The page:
Last year, I gave a lecture at Stony Brook University. I gave it on a beautiful Sunday afternoon in October with brilliant blue skies. More than 100 people showed up too! But, alas, they were not drawn to the event because I was the speaker; they were in attendance because of the subject matter. I spoke on Padre Pio.
In the question and answer period that followed my lecture, a good many of the queries were about the miracles attributed to the pious Capuchin friar who died in 1968. And a few of the probes were specifically related to the saint’s reported bilocations. A source for this phenomenon were pilots of the US Army Air Force who recounted seeing the holy man of God thousands of feet in the air while on bombing raids in Italy during World War II. According to testimonies given, Padre Pio’s bilocation caused these pilots to avert their missions and thus there wasn’t any loss of life or destruction of property. An astonishing feature like a bilocation no doubt adds to a saint’s reputation, but it’s hardly the most important facet in the overall sanctity of one so dedicated to God. That a man or woman gives evidence of an extraordinary cooperation with God’s will in all circumstances is far more significant, we would have to say in judging holiness.
In June of 2002, when Padre Pio was canonized and declared a saint of the Catholic Church, Blessed John Paul II in his homily for the occasion never made a single reference to the miracles attributed to Padre Pio or to his bilocations. Instead, the Holy Father referred to Padre Pio as a man of suffering, a man of the Cross. From his physical infirmities to his internal agonies – all of them offered up for the Church – Padre Pio carried within himself the dying of the Lord. (cf. 2 Cor. 4:10) And that Saint Paul not be misunderstood in this matter, Padre Pio’s suffering in union with Christ was also that the life of Jesus be manifested in our bodies. (cf. 2 Cor. 4:10)
In Luke’s gospel, we find Peter’s confession of faith. (cf. Lk 9:18-22) It is a rather sparse account, especially when it is compared with parallel passages in Saint Mark and Saint Matthew. (cf. Mk 8:27-33 and Matt 16:13-20) For instance, this text does not include any reference to Caesarea Philippi, the location for Jesus to pose the question about his identity. And unlike Saint Matthew’s account, there is no conferral of authority on Peter in this text. What it does include of course is Jesus’ promise that the Son of Man must suffer greatly. (cf. Lk 9:22)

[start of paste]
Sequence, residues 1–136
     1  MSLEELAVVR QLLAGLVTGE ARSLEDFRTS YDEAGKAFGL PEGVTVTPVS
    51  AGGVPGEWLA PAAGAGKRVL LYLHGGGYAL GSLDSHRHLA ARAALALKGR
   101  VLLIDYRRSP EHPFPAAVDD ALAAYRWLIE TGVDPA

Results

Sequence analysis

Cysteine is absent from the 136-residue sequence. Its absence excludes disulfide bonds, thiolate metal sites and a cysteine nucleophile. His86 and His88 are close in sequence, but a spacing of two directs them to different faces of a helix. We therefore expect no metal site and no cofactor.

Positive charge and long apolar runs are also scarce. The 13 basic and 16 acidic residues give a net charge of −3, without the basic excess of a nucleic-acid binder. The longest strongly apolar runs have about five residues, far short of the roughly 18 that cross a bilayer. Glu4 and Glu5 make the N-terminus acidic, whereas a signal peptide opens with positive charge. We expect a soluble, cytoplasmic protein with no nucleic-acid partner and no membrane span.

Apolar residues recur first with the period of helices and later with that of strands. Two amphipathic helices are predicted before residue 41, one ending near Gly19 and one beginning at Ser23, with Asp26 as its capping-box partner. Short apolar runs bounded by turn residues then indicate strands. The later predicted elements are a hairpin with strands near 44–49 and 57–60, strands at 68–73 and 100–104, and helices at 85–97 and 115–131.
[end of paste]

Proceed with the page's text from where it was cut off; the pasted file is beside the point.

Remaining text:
C.S. Lewis (1898-1963), the great English author once said: “God whispers to us in our pleasures, speaks to us in our consciences, but shouts in our pains. It is his megaphone to rouse a deaf world.” It’s a stretch, thinking of our world as a deaf place. There’s noise all the time, everywhere we go. There is the noise of heavy equipment on the nearby interstate, the noise of cell phones ringing in elevators and the noise of blasting car stereos while we’re stopped at red lights. It’s ubiquitous. You can’t escape it!
In one of our liturgy’s opening collects, we pray: “In a world filled with lights contrary to God’s . . . .” We might paraphrase these words and say: In a world filled with sounds contrary to God’s. But just what is the sound of God?
The sound of God is intelligible because it is a word, the Word, in fact. Jesus, the Word made flesh, loves his own in the world and loves them to the end. (cf. Jn 13:1) In love, Jesus endures his suffering, making it redemptive for us. But there is always the possibility that suffering can be rejected. Even Jesus could have chosen this path himself when he was in the Garden of Gethsemane. He could have let the cup pass him by then; instead, he drank of it as the will of the One Who sent him. (cf. Lk 22:42)
All of us must come to terms with suffering and its place in our lives. We have to decide if we are going to flee from it or accept it on the model of Christ. Let us return then to Jesus and the words on his lips as he hangs upon the Cross. Saint Luke records Jesus saying at that moment, “Father, into your hands I commend my spirit.” (Lk 23:46)
These words of Jesus show his complete surrender to the will of the One Who sent him (Jn 5:30) and confirm him as one committed to the divine plan irrevocably. The Son does not hold anything back in doubt or uncertainty; he gives it all away not counting the cost. This is indeed the essence of love. But, as Saint Paul reminds us in his First Letter to the Corinthians, we see now as if through a glass darkly. (cf. 1 Cor. 13:12) Yet, remarkably, our ability to see is improved if only temporarily by figures like Saint Pio of Pietrelcina. He who bore the stigmata showing the depth of his acceptance of the Cross brings the light of Christ to our lives, encouraging us to bear all things with the love of Christ.
The light and love of Christ – more powerful than darkness and suffering – are never far from us. We experience them in every Eucharist we celebrate together. Through the Eucharist, may we confess Jesus as the Messiah the way Peter does in Luke’s gospel. (cf. Lk 9:20) We have a Messiah Who takes no shortcuts, carrying his own Cross to Calvary and then being nailed to it. As great as the Resurrection is, it cannot remove those nail marks from Jesus’ glorified body and from history. We have been purchased at a great price. Therefore, let us glorify God in our bodies! (cf. 1 Cor. 6:20)